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Alejandra Cancino

A group of elderly residents has filed a federal complaint against the Chicago Housing Authority for failing to install grab bars in the bathrooms of their public housing units. The complaint accused the CHA of disability and civil rights violations and putting its elderly residents at risk of serious injury or death for failing to take a basic security precaution.
A WBEZ and Better Government Association investigation finds that the Chicago Housing Authority is failing to keep elevators in safe working condition for the nearly 6,000 low-income seniors who live in its buildings. For many of these elderly — especially seniors who use wheelchairs and walking aids — elevators are the only way they can reach the world outside their apartments. Reporters combed through thousands of public records and found systematic oversight and enforcement failures that have put seniors in real danger.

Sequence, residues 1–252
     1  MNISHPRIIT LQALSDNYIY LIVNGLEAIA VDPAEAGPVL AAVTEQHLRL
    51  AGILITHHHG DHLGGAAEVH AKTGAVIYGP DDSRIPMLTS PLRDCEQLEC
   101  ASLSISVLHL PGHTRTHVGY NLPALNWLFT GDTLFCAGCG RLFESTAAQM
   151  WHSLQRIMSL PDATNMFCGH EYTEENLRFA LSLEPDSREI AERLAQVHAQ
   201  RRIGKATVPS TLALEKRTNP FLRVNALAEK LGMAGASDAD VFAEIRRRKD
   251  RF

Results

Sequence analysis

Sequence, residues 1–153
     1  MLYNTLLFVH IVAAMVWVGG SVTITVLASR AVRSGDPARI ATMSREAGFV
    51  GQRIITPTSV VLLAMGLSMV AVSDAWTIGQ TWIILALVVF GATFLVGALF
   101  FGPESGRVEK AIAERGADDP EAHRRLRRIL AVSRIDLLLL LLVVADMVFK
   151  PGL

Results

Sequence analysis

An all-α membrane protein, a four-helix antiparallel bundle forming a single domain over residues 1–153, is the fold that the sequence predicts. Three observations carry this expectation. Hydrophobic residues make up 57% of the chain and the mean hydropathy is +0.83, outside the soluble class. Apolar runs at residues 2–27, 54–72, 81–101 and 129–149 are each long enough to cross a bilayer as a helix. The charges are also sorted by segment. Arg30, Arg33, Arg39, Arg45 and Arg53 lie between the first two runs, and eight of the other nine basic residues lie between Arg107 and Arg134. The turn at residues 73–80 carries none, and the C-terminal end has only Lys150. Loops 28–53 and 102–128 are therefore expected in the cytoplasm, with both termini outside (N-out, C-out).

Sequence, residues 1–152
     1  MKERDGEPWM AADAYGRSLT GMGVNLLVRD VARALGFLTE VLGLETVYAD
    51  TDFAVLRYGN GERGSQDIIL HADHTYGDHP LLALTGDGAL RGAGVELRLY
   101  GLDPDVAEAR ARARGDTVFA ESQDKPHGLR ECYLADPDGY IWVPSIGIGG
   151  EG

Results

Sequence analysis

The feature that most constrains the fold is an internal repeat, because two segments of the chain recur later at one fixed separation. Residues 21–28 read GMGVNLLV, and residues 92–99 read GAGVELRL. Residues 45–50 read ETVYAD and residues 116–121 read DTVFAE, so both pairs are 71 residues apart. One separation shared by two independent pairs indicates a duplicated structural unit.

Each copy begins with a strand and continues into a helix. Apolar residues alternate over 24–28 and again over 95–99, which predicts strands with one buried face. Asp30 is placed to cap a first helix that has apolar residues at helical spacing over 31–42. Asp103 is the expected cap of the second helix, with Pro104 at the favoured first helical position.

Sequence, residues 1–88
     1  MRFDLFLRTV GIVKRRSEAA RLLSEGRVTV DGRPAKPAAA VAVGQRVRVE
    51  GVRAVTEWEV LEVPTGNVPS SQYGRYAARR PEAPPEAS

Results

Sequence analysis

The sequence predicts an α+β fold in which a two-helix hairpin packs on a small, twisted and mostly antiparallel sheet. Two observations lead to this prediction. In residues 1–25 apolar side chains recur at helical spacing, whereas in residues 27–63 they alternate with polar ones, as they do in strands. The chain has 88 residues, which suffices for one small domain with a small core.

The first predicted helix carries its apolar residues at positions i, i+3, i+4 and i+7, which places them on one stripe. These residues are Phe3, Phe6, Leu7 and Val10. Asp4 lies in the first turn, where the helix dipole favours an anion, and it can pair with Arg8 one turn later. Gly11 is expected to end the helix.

The Chicago Housing Authority paid millions for building upgrades without addressing an aging fleet of elevators, WBEZ and BGA have found.
Nearly 6,000 low-income seniors live in buildings owned by the Chicago Housing Authority. But a WBEZ and the Better Government Association investigation found that the CHA is chronically neglecting its responsibilities to keep elevators in its building safe and reliable. Those responsibilities include making sure required inspections and safety tests are done, and that maintenance happens. When those things don’t happen, elevators break down and, too often, seniors are trapped—in their apartments and sometimes in the elevators.